Japan’s government has concentrated its propaganda and educational efforts on creating such national beliefs in the past, most notably during World War II. The push for nuclear power underpinned postwar Japan’s focus on economic growth and its dream of greater energy independence. But as the carefully fostered belief in nuclear safety has dissipated in the three months after the March 11 disaster, Japanese are increasingly blaming the nuclear establishment for Fukushima. In a politically apathetic country, tens of thousands have regularly held protests against nuclear power. Young Japanese have used social media to organize and publicize demonstrations that have been virtually ignored by major newspapers and television networks.
A song, “It Was Always a Lie,” has become an anthem at the protests and a vehicle for Japanese anger on the Internet. Its author, a famous singer named Kazuyoshi Saito, wrote it by changing the lyrics of a love ballad, “I Always Liked You,” that he composed last year for a commercial for Shiseido, the cosmetics giant. Mr. Saito’s performance of the song, surreptitiously uploaded on YouTube and other sites, has gone viral.
“If you walk across this country, you’ll find 54 nuclear reactors/School textbooks and commercials told us they were safe,” the song goes.
“It was always a lie, it’s been exposed after all/It was really a lie that nuclear power is safe.”
In the days after a giant tsunami knocked out Fukushima Daiichi’s cooling system, the prime minister’s office and the Tokyo Electric Power Company, or Tepco, the plant’s operator, wrestled over whether to inject cooling seawater into the reactor buildings to prevent catastrophic meltdowns, and then over how to do it.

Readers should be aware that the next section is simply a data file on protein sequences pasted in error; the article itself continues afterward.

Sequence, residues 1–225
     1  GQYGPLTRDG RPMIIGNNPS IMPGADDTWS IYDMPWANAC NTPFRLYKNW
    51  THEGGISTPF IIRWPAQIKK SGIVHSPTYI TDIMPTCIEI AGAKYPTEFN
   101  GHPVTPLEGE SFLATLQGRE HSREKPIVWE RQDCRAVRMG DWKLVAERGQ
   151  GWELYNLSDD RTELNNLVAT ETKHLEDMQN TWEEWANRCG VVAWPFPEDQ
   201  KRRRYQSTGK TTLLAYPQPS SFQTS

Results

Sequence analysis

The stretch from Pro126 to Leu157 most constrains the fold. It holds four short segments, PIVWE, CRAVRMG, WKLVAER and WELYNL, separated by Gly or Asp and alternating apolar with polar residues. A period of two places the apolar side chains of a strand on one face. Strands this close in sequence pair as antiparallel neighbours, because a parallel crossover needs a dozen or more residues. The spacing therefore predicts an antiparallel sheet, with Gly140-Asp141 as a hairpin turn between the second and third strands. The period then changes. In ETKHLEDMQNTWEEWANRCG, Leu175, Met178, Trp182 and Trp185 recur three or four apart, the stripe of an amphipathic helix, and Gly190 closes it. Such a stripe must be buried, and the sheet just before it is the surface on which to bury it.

With radiation levels too high for workers to approach the reactors, the Japanese authorities floundered. They sent police trucks mounted with water cannons — equipment designed to disperse rioters — to spray water into the reactor buildings. Military helicopters flew over the buildings, dropping water that was scattered off course by strong winds, in a “performance, a kind of circus” that was aimed more at reassuring an increasingly alarmed Japanese population and American government, said Kenichi Matsumoto, an aide to Prime Minister Naoto Kan.
What became clear was that Japan lacked some of the basic hardware to respond to a nuclear crisis and, after initial resistance, had to look abroad for help. For a country proud of its technology, the low point occurred on March 31 when it had to use a 203-foot-long water pump — shipped from China, an export market for Japanese nuclear technology — to inject 90 tons of fresh water into the No. 1 reactor building. But perhaps more than anything else, the absence of one particular technology was deeply puzzling: emergency robots. Japan, after all, is the world’s leader in robotics. It has the world’s largest force of mechanized workers. Its humanoid robots can walk and run on two feet, sing and dance, and even play the violin. But where were the emergency robots at Fukushima?